Working across Disciplines toward an Environmental Understanding for Haiti
Konbit miltidisiplinè pou konesans anviwònman ann Ayiti
“Devastated Landscape,” Henry Nickson, Cap Haitian, 2003, courtesy Elizabeth Deloughry. Photo by Jon Ries.
The recently convened working group (konbit) on the environment of the Haitian Studies Association (HSA) held its first public presentation at HSA’s 32nd Annual Conference, “Nou La Pi Rèd! Embodying a New Praxis.” The presentation took place in virtual webinar format on the Zoom platform, with live streaming to Facebook, on October 7th. Speakers across disciplines ranging from environmental sciences and agriculture to religion and musicology but with a common interest in the past, present, and future of Haiti’s ecosystems presented problems and perspectives from their research and application. LeGrace Benson moderated. Presenters included Marc Cohen, Evens Emmanuel, Gerdès Fleurant, Ellie Happel, and Jean Wiener. Karen Richman provided a summary, and Rebecca Dirksen announced the Journal of Haitian Studies special issue on the environment. We thank HSA—especially President Mark Schuller, Julio Perez Centeno, and Darlene Dubuisson—for providing the platform and technical support.
Watch the session on YouTube.
The Konbit membership, currently at fifteen, met virtually on December 1. You may find meeting notes here.
We have created a bibliography on the environment, available for viewing here. This is a work-in-progress, and we intend to transfer it to a database, where items may be searched in a variety of ways. The Konbit also aims to place special emphasis on the work of environmentalists on the ground in Haiti. Suggestions are welcome.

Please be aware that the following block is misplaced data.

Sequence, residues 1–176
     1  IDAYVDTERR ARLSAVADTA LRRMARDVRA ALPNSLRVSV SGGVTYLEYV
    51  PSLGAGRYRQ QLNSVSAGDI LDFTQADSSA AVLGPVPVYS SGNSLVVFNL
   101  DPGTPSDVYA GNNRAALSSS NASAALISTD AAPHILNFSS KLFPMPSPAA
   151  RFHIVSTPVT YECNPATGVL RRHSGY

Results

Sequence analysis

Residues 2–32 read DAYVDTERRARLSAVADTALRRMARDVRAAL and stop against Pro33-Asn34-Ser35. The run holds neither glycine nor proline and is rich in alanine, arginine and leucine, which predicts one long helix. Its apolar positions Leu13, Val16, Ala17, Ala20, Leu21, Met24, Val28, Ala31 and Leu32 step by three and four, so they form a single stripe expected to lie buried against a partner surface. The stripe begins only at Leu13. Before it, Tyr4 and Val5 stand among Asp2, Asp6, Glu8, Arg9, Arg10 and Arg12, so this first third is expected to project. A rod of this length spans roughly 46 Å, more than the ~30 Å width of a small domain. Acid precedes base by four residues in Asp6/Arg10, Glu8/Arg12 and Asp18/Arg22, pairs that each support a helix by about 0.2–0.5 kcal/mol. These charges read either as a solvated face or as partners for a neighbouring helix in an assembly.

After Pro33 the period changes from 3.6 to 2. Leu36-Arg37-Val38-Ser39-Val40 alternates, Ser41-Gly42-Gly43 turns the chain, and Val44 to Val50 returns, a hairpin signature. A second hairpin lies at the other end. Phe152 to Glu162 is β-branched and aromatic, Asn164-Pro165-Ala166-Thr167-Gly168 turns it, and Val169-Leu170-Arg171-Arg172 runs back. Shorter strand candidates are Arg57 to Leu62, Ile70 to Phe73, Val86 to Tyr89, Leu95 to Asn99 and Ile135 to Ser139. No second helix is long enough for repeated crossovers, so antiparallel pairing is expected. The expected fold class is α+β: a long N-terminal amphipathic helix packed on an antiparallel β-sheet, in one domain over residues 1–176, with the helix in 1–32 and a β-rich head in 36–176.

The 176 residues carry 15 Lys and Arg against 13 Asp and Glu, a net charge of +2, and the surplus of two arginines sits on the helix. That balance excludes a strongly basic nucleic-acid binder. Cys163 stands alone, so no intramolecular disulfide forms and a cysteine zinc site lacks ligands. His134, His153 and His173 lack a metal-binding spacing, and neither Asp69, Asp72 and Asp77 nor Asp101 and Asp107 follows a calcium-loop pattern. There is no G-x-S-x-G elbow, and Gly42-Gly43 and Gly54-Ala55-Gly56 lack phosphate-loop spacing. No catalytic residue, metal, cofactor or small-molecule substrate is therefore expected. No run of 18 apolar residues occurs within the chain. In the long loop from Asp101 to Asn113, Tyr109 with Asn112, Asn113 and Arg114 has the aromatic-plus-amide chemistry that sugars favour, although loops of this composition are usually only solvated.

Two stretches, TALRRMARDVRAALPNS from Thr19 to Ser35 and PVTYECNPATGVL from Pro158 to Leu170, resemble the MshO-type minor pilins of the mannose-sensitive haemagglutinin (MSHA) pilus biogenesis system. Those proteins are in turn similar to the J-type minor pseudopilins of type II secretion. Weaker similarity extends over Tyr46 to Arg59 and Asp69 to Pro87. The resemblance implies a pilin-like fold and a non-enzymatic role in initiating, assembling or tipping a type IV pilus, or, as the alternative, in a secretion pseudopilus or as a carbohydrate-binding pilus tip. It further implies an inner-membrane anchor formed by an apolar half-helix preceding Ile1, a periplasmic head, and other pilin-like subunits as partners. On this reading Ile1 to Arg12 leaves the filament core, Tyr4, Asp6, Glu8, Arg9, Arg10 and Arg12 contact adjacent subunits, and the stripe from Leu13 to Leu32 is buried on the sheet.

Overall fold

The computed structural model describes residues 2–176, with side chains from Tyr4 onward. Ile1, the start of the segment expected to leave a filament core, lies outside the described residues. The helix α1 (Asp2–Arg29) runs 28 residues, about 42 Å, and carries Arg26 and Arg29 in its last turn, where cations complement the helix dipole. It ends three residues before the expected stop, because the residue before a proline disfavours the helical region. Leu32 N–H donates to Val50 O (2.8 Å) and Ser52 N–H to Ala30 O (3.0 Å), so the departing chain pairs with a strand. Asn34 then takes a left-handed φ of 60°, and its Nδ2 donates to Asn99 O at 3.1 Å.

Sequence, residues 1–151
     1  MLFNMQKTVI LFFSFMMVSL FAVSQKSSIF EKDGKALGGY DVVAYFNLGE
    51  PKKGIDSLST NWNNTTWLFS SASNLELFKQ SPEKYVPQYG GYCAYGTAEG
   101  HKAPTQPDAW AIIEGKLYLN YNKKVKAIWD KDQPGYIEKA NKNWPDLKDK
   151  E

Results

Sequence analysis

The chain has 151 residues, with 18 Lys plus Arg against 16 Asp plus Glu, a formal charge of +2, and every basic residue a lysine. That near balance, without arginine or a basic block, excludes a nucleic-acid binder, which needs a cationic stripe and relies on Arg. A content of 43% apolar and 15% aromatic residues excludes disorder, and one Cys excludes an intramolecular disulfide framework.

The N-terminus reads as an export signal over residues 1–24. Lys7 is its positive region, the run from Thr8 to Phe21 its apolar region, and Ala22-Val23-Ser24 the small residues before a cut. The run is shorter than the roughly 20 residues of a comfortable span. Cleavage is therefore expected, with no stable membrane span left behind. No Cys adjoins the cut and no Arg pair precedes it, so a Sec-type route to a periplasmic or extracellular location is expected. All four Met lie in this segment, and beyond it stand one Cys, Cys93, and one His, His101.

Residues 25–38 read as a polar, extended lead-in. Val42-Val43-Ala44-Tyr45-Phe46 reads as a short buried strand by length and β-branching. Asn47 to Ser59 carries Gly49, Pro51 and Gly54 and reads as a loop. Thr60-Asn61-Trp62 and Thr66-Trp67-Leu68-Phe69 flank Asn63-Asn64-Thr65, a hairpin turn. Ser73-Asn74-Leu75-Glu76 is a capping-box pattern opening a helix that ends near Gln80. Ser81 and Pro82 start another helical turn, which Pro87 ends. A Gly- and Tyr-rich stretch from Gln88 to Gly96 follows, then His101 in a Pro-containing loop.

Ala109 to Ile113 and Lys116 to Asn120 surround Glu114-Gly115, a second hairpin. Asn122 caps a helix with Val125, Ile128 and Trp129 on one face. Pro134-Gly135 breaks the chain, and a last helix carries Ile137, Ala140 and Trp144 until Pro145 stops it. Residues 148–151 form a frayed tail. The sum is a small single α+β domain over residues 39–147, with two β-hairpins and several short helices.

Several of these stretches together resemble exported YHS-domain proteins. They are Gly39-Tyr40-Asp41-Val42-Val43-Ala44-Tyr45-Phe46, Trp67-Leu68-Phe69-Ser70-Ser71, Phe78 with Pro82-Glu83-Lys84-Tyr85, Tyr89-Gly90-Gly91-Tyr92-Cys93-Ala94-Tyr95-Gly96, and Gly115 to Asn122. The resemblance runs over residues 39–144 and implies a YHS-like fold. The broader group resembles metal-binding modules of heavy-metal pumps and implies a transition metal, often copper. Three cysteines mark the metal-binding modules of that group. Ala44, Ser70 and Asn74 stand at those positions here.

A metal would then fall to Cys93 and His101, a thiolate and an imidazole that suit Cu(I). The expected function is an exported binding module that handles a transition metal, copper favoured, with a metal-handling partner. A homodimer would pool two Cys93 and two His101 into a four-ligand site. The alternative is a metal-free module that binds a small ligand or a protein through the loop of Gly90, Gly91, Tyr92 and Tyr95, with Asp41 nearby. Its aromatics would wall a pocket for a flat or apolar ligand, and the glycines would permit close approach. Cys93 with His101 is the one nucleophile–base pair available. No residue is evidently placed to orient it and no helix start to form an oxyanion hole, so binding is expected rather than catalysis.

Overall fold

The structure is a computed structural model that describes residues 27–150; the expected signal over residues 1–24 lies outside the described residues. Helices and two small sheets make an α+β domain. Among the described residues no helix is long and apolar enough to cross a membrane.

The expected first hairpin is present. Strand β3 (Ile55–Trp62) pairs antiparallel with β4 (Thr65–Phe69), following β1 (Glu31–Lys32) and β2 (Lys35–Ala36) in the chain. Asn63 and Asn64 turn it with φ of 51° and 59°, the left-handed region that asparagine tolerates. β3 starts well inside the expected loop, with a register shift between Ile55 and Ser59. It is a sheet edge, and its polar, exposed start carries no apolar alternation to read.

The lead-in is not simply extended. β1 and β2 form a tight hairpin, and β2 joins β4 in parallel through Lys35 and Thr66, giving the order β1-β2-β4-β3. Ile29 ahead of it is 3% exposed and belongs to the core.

Through this working session, we aim to (1) define a set of recommendations for management of Haitian land and natural resources in a time of climate change and profound environmental challenges, and (2) develop more effective models of environmental communication moving forward. Haitian history bears numerous approaches to environmental policy, ranging from excessive resource exploitation (at the level of central government) to a more balanced exchange that sees humans as integral participants within the ecosystem (at the level of a decentralized rural population). The balance of power weighted toward the former pole has brought large-scale destruction of ecosystems and loss of resources. Furthermore, such externally imposed policies as those of the United States Occupation (1915–34) have exacerbated the erosion of Haiti’s ecosystems. Today, Haiti ranks among the most vulnerable nations to climate change.
We hope to include Haitianists from a range of academic disciplines (natural sciences, social sciences, and humanities) and practitioners with diverse language, gender, and generational perspectives. This working session will examine case studies of programs directly involved in such initiatives as shoreline restoration, forestry, water resources management, and sustainable agricultural programs. We are particularly seeking those who can report on cooperative collaborations with ordinary residents, citing their insights, concerns, advice, and resistance. Participants will identify models with the potential to revolutionize policy and compile a set of future possibilities based on grounded realities.
LeGrace Benson (lead convener), firstname.lastname@example.org
Lois Wilcken (co-convener), email@example.com
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